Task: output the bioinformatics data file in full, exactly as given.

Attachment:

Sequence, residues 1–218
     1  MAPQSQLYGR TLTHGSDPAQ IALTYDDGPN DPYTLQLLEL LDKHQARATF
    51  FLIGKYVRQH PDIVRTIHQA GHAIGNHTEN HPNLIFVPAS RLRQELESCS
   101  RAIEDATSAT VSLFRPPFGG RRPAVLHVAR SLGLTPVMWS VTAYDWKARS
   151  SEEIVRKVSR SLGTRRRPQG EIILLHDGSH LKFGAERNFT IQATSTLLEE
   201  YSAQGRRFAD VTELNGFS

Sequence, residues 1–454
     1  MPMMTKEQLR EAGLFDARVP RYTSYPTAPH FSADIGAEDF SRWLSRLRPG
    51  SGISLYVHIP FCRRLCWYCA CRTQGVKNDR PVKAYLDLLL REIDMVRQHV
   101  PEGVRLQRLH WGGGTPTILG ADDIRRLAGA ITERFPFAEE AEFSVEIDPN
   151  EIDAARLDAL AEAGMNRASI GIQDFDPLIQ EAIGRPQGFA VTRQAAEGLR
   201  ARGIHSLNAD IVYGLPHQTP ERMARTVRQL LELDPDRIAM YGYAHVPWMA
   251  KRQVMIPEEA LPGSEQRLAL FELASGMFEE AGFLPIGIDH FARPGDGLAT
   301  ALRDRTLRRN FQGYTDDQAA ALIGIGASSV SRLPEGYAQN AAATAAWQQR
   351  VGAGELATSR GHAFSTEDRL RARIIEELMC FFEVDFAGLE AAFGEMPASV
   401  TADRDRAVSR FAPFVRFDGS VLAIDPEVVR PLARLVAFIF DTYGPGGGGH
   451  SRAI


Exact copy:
Sequence, residues 1–218
     1  MAPQSQLYGR TLTHGSDPAQ IALTYDDGPN DPYTLQLLEL LDKHQARATF
    51  FLIGKYVRQH PDIVRTIHQA GHAIGNHTEN HPNLIFVPAS RLRQELESCS
   101  RAIEDATSAT VSLFRPPFGG RRPAVLHVAR SLGLTPVMWS VTAYDWKARS
   151  SEEIVRKVSR SLGTRRRPQG EIILLHDGSH LKFGAERNFT IQATSTLLEE
   201  YSAQGRRFAD VTELNGFS

Sequence, residues 1–454
     1  MPMMTKEQLR EAGLFDARVP RYTSYPTAPH FSADIGAEDF SRWLSRLRPG
    51  SGISLYVHIP FCRRLCWYCA CRTQGVKNDR PVKAYLDLLL REIDMVRQHV
   101  PEGVRLQRLH WGGGTPTILG ADDIRRLAGA ITERFPFAEE AEFSVEIDPN
   151  EIDAARLDAL AEAGMNRASI GIQDFDPLIQ EAIGRPQGFA VTRQAAEGLR
   201  ARGIHSLNAD IVYGLPHQTP ERMARTVRQL LELDPDRIAM YGYAHVPWMA
   251  KRQVMIPEEA LPGSEQRLAL FELASGMFEE AGFLPIGIDH FARPGDGLAT
   301  ALRDRTLRRN FQGYTDDQAA ALIGIGASSV SRLPEGYAQN AAATAAWQQR
   351  VGAGELATSR GHAFSTEDRL RARIIEELMC FFEVDFAGLE AAFGEMPASV
   401  TADRDRAVSR FAPFVRFDGS VLAIDPEVVR PLARLVAFIF DTYGPGGGGH
   451  SRAI